Adapted from the broadcast audio segment; use the audio player to listen to the story in its entirety.
Though many countries are pushing hard to recruit the best and the brightest from abroad, there are a few critics who argue the U.S. has nothing to worry about in the race for global talent. I spoke to Ron Hira, Associate Professor of Public Policy, at RIT, the Rochester institute of Technology.
Ray Suarez (RS): In your view, is the United States losing the global race for highly skilled entrepreneurial talent?
Ron Hira (RH): No, I don’t think we’re losing the race. I think that we’re doing just fine. We have a lot of active policies to encourage entrepreneurship both here, as well as for immigrants.
RS: A lot of countries around the world are trying to design new policies, incentives, access to easy loans, tax payer money - is there a bidding war now for the brightest and the best?
RH: There may be a little bit of a bidding war, but I don’t think it’s a problem - I think more entrepreneurship around the world is a good thing.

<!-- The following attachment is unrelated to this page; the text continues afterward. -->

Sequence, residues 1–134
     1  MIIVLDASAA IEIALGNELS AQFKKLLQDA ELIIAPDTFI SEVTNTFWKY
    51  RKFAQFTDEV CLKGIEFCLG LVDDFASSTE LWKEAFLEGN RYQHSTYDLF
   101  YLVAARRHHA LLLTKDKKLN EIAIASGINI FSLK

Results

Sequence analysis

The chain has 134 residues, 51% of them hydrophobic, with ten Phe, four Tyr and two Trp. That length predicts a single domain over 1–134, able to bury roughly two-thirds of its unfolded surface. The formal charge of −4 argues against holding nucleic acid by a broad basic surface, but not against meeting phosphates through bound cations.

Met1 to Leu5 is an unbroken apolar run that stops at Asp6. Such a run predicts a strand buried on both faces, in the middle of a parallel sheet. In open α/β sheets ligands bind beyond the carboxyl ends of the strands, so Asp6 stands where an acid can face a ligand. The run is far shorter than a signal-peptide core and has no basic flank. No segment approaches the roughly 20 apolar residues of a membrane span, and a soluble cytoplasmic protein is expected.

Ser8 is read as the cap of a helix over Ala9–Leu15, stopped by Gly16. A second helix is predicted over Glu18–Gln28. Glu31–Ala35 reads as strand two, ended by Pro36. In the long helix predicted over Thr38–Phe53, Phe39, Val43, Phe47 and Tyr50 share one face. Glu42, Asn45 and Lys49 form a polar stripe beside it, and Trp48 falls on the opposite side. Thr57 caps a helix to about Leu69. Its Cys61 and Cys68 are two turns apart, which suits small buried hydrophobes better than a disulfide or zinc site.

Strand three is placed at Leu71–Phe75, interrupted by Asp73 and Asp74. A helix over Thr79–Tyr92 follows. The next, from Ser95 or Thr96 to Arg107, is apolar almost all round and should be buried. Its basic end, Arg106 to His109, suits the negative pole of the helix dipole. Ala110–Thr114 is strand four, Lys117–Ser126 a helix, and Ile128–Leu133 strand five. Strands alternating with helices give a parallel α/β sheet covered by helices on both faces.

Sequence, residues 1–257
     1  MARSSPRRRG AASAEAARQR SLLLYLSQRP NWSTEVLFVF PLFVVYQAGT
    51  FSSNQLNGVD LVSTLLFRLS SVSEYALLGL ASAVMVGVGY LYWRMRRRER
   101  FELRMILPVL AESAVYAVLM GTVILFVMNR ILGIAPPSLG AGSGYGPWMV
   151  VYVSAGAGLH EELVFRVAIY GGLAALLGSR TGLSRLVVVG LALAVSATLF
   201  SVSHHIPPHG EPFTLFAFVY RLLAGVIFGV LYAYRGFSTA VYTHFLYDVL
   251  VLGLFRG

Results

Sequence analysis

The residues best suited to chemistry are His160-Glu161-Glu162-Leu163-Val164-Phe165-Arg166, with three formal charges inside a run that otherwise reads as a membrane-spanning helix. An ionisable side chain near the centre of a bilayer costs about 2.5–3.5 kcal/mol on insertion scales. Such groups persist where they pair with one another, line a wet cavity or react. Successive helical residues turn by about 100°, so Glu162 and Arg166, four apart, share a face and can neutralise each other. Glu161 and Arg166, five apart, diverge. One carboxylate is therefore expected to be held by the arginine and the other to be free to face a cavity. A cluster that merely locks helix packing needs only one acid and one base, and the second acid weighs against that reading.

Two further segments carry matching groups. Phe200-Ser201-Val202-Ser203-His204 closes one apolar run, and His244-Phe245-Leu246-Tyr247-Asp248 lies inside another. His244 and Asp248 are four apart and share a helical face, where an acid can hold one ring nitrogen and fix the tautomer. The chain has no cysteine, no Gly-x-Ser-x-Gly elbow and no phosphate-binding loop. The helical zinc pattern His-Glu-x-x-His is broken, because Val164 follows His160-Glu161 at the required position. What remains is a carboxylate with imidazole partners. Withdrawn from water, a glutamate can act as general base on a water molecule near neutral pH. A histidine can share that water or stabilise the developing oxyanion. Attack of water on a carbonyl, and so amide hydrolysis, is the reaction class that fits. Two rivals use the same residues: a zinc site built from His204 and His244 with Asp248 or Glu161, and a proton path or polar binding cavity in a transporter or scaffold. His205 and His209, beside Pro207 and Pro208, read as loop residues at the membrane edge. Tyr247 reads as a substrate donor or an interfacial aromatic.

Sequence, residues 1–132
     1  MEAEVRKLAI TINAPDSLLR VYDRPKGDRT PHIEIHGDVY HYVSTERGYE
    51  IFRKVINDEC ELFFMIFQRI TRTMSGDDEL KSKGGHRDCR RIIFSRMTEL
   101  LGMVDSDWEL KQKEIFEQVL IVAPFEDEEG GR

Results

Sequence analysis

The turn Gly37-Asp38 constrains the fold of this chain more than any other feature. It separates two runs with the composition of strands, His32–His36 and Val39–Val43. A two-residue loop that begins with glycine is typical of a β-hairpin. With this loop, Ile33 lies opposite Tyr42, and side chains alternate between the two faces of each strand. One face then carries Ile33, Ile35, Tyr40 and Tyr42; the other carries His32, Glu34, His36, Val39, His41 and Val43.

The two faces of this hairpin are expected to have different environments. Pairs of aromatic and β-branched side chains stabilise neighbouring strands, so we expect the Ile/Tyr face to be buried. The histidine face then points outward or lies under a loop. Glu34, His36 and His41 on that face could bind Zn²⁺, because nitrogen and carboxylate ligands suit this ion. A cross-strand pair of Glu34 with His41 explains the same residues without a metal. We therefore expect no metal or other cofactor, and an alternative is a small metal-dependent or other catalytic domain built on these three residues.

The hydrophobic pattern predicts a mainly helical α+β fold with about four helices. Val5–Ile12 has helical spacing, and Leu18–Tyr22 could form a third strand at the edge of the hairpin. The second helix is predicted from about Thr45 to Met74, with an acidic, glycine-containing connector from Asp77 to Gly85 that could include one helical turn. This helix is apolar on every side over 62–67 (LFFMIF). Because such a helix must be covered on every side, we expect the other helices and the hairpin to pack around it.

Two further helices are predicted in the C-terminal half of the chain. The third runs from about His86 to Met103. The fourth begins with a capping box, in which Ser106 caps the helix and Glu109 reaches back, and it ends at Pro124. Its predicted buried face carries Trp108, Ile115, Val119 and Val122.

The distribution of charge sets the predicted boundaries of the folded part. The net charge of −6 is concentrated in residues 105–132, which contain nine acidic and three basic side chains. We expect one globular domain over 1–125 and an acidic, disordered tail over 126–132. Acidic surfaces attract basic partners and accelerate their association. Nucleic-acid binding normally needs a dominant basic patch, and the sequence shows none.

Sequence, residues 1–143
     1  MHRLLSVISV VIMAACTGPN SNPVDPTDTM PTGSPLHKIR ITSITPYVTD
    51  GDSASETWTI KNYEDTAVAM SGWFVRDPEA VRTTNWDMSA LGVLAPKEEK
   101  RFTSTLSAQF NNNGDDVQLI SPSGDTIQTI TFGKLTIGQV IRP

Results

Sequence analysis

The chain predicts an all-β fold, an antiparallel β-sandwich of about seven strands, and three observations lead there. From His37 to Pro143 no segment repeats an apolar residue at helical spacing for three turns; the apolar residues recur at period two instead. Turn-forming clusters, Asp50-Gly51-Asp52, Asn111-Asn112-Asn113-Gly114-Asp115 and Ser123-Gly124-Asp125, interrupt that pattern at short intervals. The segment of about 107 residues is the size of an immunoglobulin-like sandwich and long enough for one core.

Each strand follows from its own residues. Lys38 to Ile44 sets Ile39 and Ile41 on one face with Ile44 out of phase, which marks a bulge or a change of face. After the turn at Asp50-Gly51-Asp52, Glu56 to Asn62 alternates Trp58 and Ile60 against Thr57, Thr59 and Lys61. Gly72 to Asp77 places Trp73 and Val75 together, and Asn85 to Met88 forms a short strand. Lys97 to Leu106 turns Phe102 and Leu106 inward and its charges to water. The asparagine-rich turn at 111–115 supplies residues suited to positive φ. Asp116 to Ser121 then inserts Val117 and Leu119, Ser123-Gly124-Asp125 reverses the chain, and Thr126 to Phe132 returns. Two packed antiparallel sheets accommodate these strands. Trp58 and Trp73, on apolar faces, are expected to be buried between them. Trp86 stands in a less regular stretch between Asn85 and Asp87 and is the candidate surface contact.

RS: So what should the United States Government be doing? Should it let the private market work it’s own magic? What’s the best posture for a government that wants to encourage people who have a bankable idea - to come here rather than go somewhere else?
RH: Well I think we already have a pretty robust regime. If you follow at all the foreign student numbers for example, there are still large inflows of students coming in from India and China and other countries - so I think we are a very attractive place. I think there may be some changes we need to make in terms of our green card policies, but I don’t think there are any fundamental problems in terms of immigration and entrepreneurship - or more broadly, entrepreneurship within the US.
RS: Haven’t we kept some of those students in the past, almost by default? Tech students from China and India stayed here or tried to stay here after graduation, just because things weren’t very promising back home - but now India and China may be good places to go, and they’ll leave after we educate them to a high standard.